I came upon some cool looking hoodoo's a little further up the trail. I had trouble getting good pictures the way the sun was shining but this one wasn't too bad.


Every so often I would come across places where people were camping. There aren't any designated camping spots but primitive camping is permitted from here on up the canyon. Remember, the good camper will find a place away from the main trail to set up camp. There are plenty of good spots to choose from.


From this point the trail began looking a lot more like the trail in the Upper Dominguez Canyon. The stream was now passing through Precambrian granite gneiss. The trail varied from the black Precambrian to red Chinle.


I had a little trouble deciding at what point to turn around and head back. I wanted to get a better look at what lay ahead. I made my way past Poison Canyon and Wildhorse Draw until I was at Middle Canyon. I was showing a distance of 8.13 miles on my GPS and an elevation of 5330 feet. It was only 11 am but I didn't bring enough water to go much further and I didn't have my filter with me. I think to go any further I would have to turn the hike into a backpacking trip. From looking at BLM maps I know that the trail does eventually climb up and out of the canyon to the Black Point Trailhead and campground. I calculated that it would be roughly 11.5 more miles of hiking to reach that point.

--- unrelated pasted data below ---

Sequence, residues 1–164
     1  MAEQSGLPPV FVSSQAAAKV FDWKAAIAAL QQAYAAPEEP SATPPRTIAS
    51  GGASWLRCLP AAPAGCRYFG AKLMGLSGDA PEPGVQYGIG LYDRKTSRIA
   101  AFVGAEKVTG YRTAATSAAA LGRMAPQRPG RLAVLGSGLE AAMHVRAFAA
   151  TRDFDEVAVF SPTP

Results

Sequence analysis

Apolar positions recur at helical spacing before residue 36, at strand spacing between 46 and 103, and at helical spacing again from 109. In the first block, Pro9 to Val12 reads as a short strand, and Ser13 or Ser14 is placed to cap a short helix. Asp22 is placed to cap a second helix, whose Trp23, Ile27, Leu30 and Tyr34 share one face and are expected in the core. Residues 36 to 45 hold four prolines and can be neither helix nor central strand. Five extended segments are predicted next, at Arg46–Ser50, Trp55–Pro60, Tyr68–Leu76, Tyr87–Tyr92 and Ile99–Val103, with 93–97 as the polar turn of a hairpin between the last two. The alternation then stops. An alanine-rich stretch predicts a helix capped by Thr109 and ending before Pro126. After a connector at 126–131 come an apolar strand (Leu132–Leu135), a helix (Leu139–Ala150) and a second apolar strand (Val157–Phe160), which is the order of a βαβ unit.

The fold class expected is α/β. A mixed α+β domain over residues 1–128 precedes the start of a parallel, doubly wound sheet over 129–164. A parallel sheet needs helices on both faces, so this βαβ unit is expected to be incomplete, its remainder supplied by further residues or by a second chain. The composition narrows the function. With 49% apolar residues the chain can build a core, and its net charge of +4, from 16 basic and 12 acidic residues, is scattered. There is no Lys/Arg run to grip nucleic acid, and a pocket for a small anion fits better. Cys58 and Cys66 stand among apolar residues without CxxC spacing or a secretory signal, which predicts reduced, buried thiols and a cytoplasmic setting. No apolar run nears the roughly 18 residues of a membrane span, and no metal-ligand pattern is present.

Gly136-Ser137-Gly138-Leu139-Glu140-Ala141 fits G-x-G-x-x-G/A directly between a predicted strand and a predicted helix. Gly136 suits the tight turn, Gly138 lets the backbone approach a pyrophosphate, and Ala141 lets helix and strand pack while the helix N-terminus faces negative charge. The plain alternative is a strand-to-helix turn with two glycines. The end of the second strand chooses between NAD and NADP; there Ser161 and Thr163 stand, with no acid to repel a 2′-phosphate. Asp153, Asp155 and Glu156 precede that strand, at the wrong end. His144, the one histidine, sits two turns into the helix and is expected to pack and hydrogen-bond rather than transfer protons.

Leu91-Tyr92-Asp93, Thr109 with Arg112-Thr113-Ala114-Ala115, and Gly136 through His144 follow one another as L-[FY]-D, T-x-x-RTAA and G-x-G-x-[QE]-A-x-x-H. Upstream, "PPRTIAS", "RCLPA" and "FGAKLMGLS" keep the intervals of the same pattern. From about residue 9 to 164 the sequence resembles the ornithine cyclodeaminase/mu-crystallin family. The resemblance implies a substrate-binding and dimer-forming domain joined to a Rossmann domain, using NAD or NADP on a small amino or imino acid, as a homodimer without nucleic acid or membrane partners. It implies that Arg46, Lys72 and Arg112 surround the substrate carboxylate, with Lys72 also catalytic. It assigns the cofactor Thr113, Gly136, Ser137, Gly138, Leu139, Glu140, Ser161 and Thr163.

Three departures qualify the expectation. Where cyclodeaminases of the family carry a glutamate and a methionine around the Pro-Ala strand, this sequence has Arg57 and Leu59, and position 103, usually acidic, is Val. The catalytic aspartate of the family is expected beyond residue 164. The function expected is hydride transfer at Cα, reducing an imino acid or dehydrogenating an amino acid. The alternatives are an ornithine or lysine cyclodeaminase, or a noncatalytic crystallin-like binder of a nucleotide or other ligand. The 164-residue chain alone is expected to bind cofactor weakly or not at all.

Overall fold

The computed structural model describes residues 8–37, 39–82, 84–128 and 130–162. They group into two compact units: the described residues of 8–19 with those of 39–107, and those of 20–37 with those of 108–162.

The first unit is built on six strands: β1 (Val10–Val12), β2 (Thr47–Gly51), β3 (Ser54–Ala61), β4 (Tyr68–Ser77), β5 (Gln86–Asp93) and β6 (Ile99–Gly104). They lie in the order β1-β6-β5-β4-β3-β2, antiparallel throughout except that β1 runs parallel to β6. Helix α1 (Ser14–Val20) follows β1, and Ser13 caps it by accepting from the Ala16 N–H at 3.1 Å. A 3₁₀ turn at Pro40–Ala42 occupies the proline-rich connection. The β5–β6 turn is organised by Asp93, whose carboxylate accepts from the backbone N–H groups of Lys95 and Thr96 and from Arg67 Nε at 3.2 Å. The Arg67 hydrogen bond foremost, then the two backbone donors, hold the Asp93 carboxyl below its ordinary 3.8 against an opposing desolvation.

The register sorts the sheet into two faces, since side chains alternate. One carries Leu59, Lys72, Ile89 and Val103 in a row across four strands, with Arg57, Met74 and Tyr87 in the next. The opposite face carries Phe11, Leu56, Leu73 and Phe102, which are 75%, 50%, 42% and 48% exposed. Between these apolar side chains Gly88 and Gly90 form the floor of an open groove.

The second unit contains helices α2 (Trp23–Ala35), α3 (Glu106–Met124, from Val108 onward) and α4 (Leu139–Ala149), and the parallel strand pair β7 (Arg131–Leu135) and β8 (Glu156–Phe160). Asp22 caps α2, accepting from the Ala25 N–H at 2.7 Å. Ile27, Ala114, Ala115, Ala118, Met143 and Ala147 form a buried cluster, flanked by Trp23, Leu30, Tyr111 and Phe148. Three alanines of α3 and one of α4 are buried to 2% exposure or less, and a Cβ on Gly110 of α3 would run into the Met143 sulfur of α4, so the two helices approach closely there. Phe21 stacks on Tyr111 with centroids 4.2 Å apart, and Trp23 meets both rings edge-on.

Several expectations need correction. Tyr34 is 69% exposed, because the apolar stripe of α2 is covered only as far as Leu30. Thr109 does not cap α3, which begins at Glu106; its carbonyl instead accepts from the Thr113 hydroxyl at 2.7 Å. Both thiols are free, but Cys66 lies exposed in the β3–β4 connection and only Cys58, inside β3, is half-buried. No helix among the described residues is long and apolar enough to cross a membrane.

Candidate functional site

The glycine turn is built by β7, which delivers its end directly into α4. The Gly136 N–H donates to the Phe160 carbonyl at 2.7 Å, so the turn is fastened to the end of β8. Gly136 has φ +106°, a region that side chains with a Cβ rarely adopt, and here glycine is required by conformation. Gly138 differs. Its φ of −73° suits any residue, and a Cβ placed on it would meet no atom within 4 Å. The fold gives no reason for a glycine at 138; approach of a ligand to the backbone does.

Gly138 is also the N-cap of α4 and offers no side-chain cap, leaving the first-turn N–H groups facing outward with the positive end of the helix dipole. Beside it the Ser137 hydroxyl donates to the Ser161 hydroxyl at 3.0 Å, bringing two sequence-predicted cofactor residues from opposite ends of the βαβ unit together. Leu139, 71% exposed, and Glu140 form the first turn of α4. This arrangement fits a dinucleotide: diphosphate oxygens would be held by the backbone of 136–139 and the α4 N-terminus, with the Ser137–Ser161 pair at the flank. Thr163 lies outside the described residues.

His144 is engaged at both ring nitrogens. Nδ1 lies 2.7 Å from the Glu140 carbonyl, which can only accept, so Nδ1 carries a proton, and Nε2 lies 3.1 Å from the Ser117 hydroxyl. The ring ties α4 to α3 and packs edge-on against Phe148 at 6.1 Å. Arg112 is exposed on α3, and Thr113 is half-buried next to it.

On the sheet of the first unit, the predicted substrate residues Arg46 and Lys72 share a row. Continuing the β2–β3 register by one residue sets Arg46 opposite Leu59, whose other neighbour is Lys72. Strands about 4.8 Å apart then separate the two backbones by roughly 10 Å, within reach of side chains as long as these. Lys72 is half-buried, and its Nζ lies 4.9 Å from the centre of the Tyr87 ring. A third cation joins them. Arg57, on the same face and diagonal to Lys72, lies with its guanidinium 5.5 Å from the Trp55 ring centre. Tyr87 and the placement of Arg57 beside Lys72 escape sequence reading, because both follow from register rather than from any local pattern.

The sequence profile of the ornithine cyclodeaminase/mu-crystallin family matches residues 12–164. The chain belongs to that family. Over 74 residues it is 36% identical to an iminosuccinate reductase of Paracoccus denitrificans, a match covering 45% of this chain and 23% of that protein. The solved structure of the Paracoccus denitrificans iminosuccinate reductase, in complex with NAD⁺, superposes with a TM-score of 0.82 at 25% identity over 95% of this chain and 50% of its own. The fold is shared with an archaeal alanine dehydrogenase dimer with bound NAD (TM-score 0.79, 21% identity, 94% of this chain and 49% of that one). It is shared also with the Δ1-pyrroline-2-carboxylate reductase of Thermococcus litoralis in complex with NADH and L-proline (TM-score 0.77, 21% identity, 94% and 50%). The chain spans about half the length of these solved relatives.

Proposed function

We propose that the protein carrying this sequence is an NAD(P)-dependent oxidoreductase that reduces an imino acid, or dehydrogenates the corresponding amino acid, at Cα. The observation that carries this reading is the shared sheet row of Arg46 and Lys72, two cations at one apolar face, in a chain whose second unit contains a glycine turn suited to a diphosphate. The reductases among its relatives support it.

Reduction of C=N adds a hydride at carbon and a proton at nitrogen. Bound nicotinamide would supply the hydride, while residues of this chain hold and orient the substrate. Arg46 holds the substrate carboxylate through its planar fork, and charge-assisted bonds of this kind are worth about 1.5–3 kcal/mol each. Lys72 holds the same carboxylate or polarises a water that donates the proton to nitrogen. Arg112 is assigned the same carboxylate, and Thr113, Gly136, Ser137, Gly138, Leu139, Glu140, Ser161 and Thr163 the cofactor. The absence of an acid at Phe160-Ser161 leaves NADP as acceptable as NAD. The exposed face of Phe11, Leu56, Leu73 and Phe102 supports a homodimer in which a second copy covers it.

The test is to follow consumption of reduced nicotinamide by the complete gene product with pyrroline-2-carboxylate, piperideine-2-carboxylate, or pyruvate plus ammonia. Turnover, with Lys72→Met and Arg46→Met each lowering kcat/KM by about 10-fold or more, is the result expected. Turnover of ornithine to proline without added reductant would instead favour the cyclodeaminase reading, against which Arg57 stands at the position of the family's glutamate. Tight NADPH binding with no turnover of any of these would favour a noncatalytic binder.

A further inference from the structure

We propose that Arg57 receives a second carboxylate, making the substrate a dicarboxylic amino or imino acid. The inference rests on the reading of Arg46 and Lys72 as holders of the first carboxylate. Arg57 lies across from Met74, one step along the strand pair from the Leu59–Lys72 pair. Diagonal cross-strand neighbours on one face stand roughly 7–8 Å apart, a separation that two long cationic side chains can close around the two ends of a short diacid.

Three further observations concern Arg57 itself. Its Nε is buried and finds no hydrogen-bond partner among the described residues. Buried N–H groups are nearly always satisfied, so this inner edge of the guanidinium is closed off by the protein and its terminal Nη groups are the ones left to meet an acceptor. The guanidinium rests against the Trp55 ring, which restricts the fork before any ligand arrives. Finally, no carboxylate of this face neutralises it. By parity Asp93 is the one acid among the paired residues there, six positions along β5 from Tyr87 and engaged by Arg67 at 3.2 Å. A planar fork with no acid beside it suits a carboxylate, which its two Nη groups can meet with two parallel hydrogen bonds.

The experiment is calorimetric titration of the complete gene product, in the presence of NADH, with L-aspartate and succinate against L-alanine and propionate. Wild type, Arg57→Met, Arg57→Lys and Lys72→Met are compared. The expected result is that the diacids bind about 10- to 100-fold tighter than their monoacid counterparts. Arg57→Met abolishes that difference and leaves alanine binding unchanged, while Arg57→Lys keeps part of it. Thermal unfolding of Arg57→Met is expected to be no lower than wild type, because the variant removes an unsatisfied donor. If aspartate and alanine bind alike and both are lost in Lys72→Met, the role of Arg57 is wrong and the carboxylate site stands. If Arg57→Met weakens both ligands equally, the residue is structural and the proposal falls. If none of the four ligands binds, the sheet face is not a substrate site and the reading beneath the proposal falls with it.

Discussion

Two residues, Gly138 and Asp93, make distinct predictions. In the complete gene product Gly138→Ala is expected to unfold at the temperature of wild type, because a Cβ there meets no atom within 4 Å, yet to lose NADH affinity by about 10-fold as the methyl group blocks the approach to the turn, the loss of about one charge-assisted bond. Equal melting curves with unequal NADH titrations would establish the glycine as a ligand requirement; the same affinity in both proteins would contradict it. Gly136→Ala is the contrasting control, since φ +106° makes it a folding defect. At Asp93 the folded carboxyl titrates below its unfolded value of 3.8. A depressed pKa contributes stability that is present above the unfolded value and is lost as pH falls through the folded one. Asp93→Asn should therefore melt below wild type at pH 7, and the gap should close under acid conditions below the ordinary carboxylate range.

I found a nice rock to set my stuff on and changed out of the Under Armour cold gear that I had been wearing. After that I started the trek back down the canyon. At the mouth of Poison Canyon I came across two couples on horseback that had stopped to have lunch. We had a nice visit while getting acquainted. I didn't mention it to them but I had enjoyed the way their horses had been conditioning the trail. There hadn't been a lot of traffic on the trail and it would have been a lot harder to follow in places if they hadn't left the tracks that they did.


The hike out was real enjoyable. At the 10.4 mile point of the hike I was rounding the bend in the canyon and heading north toward the private land. I reached the private land at 11 miles and passed by the other end and rejoined the road at 12.5 miles.


Do you know what sticks to you as good as a cocklebur but hurts a lot more? Yup! Actually it wasn't all that bad. I thought it looked cool so I had to take a picture.

I reached the confluence of the Big and Little Dominguez creeks at 13.4 miles and made a little detour here and walked up Big D about a quarter mile to see if there were any bighorn where we had seen them the week before. I didn't see any bighorn but there was a pretty constant stream of people coming and going. It was strange seeing so many people after spending the day in Lower Dominguez in mostly solitude.


I headed on down the trail and at 15 miles I was back at the Gunnison River. I stopped and watered a few cottonwood trees with one of the buckets they provide. There were some trees on the north end of the camping area that looked like they hadn't been getting much attention.


I was across the bridge and on the other side of the river at 15.6 miles. Sure was nice that they put that bridge there. I followed the road back to the trailhead and was showing 16.7 miles on the GPS. If it wasn't for the distance I would rate this hike as easy instead of moderate. I wasn't showing any bars on my cell phone whenever I checked it but I did get a text message in Middle Canyon and one around the confluence and I even received a call while I was walking out along the river. Rock on Verizon. This was a pretty nice hike and I saw a lot of country. If you want to see it for yourself then all you have to do is 'Take a hike'.